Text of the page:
Theatergoers at the Hudson Valley Shakespeare Festival, in its 28th season on a bluff overlooking the Hudson, tend to like the bard the same way: No sets, few props, clever actors.
“Two Gentlemen of Verona” — Tucker’s festival debut — features a fountain comprised of actors.
No sets? No problem.
If such an endeavor requires choreography, Tucker has Alexandra Beller of Bill T. Jones’ dance company on hand for advice.
As for the comedy, that is provided by the company, led in no small part by husband-and-wife team of Kurt Rhoads and Nance Williamson, two festival favorites who return to Boscobel after a couple of seasons’ absence. The Garrison residents play servants: she, Lucetta, maid to the lover, Julia; he, Launce, clownish servant to Proteus, one of the gentlemen of the title and Julia’s love interest.
The story involves friends Proteus and Valentine. Proteus falls in love with Julia and will not accompany Valentine on his adventure to Milan. After sending a love letter to Julia, Proteus is sent by his father to join Valentine, but not before Proteus and Julia vow their undying love and exchange rings.
No sooner is Proteus in Milan than he falls for Sylvia, to whom Valentine has taken a liking. When Julia arrives, disguised as a servant boy, and sees Proteus’ fickle nature, things get more and more complicated. Throw into the mix a betrayal of one gentleman by the other, a band of outlaws, a few wily servants and a real-life bulldog and there are the makings of an evening’s entertainment, with a happy ending guaranteed.
The young lovers are played by festival newcomers Ethan Saks (Valentine), Andy Rindlisbach (Proteus), Magancq Wiles (Julia), and Susannah Millonzi (Sylvia).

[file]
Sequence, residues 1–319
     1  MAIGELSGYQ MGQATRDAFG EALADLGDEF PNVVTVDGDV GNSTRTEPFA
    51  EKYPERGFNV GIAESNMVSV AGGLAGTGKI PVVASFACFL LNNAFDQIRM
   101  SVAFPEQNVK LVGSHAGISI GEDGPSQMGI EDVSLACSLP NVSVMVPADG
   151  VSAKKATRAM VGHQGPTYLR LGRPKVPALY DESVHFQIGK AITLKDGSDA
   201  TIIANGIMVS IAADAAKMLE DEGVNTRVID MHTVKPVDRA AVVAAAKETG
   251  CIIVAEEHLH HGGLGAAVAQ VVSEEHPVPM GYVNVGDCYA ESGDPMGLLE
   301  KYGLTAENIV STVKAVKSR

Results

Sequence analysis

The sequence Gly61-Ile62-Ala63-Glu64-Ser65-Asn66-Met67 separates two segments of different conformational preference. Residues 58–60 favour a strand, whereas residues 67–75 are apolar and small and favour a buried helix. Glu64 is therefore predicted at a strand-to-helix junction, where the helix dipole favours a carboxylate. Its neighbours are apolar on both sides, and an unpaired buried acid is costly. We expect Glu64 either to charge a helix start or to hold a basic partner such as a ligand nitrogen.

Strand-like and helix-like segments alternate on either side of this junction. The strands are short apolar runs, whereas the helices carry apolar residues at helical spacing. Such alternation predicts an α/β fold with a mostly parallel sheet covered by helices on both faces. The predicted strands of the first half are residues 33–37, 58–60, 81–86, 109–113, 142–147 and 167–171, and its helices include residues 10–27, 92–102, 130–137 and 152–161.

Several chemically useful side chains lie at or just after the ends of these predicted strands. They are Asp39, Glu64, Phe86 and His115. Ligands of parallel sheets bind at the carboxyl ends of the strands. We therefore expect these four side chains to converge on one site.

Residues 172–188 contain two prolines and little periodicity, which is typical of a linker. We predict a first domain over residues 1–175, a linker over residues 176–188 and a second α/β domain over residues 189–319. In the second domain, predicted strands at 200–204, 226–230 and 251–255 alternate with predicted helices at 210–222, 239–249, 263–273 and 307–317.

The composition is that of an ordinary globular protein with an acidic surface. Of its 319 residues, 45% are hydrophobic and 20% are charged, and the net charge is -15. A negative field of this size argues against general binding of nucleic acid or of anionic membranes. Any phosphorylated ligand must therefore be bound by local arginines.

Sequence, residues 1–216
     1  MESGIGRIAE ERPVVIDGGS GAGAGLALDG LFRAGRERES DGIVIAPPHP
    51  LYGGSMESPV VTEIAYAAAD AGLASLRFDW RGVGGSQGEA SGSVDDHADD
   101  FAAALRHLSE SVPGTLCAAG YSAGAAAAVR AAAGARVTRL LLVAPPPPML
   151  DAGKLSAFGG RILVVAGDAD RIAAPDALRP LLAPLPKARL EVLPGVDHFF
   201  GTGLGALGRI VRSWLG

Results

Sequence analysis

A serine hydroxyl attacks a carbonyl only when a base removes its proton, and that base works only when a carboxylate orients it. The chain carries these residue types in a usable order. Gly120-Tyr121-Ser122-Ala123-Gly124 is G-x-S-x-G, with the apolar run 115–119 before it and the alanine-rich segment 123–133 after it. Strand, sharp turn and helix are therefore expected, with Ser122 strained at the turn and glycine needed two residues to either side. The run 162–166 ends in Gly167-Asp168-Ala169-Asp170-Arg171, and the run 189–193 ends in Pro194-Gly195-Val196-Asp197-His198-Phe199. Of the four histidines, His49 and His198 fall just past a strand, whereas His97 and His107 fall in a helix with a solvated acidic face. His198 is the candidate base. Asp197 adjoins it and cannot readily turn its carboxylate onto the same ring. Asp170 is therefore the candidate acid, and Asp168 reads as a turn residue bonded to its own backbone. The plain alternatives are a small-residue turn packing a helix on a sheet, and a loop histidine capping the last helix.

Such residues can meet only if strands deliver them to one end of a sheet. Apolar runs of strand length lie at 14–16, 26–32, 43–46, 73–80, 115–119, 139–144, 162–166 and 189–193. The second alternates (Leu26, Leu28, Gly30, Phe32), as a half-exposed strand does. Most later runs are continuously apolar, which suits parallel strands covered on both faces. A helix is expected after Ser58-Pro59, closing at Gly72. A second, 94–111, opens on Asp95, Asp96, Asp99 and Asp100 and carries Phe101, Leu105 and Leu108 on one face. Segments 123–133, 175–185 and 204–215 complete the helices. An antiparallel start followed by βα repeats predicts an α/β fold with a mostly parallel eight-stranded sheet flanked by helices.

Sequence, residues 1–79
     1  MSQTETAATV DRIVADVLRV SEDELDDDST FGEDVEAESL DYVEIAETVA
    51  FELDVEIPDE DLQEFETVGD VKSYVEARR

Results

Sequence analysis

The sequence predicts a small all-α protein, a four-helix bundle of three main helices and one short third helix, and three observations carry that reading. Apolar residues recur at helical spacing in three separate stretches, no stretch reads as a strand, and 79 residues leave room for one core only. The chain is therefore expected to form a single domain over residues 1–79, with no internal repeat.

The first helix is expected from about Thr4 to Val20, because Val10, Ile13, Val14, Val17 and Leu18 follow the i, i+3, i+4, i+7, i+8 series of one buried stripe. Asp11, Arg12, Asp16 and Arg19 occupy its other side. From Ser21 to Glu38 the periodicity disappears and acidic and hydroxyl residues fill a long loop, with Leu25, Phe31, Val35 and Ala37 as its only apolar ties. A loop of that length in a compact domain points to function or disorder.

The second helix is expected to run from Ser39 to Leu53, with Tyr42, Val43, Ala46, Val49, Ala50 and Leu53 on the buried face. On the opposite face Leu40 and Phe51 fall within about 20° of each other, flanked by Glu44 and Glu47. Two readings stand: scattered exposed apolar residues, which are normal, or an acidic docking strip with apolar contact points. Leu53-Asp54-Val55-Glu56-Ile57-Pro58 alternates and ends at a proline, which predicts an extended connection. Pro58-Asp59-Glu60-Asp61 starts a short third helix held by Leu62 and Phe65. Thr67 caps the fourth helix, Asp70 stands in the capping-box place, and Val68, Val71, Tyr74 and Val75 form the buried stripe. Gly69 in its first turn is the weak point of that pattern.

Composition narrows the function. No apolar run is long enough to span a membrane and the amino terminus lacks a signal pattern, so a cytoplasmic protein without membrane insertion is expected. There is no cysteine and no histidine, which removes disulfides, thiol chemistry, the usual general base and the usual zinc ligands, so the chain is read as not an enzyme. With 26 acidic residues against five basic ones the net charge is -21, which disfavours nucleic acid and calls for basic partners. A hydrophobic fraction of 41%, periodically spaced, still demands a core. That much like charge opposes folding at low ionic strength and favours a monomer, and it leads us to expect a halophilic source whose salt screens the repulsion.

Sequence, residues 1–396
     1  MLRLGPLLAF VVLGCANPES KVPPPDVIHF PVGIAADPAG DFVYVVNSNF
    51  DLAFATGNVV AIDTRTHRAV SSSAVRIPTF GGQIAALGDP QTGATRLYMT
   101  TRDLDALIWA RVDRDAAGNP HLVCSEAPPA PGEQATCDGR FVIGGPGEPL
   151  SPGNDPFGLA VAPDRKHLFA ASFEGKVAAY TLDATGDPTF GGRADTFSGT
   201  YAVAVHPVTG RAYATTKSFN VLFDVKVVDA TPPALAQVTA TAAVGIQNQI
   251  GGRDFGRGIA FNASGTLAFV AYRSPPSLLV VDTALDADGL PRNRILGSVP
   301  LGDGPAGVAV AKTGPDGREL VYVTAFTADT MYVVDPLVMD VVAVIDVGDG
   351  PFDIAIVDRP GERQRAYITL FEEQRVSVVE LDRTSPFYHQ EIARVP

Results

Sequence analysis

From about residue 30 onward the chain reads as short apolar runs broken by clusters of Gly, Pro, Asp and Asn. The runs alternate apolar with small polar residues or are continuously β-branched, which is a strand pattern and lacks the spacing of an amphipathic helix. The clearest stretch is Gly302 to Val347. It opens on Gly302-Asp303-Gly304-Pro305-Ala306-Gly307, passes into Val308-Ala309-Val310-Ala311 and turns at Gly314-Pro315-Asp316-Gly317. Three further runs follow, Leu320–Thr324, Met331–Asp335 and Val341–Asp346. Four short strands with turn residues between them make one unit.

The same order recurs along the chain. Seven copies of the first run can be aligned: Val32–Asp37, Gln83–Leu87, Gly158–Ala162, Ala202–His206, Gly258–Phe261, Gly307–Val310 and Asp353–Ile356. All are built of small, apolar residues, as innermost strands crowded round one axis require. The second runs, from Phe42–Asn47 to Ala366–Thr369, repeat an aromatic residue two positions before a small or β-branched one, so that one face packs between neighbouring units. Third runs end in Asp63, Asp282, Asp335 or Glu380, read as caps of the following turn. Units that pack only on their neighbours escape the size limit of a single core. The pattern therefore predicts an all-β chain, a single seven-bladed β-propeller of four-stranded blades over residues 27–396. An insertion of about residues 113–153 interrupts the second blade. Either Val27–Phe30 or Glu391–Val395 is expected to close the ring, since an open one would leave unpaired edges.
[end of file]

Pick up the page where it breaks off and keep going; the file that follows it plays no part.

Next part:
In rehearsal, Rhoads’ mind whirs with possibilities — actors call them “choices” — about how to play a scene in which he berates his canine companion, Crab, for his cold-heartedness. He tries it one way. The next time, he adds something new. And all without the bulldog who will, no doubt, change things once they begin working together. (That’s Rhoads and his canine co-star, in a photo by William Marsh, above.)
Director Tucker says the ease of Rhoads’ and Williamson’s craft makes his job easier.
“All you have to deal with is choices,” Tucker says. “You’re negotiating about ‘What if we try this? Or this? Or what about this?’ It has nothing to do with acting. They know how to act. With Kurt doing Launce, I almost never say anything. I just let him go. And the same with Nance.
“I figure with Kurt, one of the things he enjoys — and I love that, too — is that every night the audience is different. He doesn’t know what he’s going to get, so he has to embrace that. So I can’t really do much more than that. He has some bits he’s going to try, but he’s going to come up with a lot more between now and Aug. 30.”
“Two Gentlemen of Verona” appears in repertory with “Othello” and the David Ives adaptation of Pierre Corneille’s “The Liar” — three shows, one tent, one long, hot summer — through Aug. 31.
For his part, Tucker won’t have time to linger over his first time directing at Boscobel. He has reported to Shakespeare and Co. in the Berkshires, where he plays Brutus in “Julius Caesar” this summer.
Consider that another acting choice.
Hudson Valley Shakespeare Festival’s 28th season, featuring Shakespeare’s “Othello,” directed by Christopher V. Edwards, Shakespeare’s “Two Gentlemen of Verona,” directed by Eric Tucker, and David Ives’ adaptation of Pierre Corneille’s “The Liar,” directed by Russell Treyz. Season runs through Aug. 31. 845-265-9575. hvshakespeare.org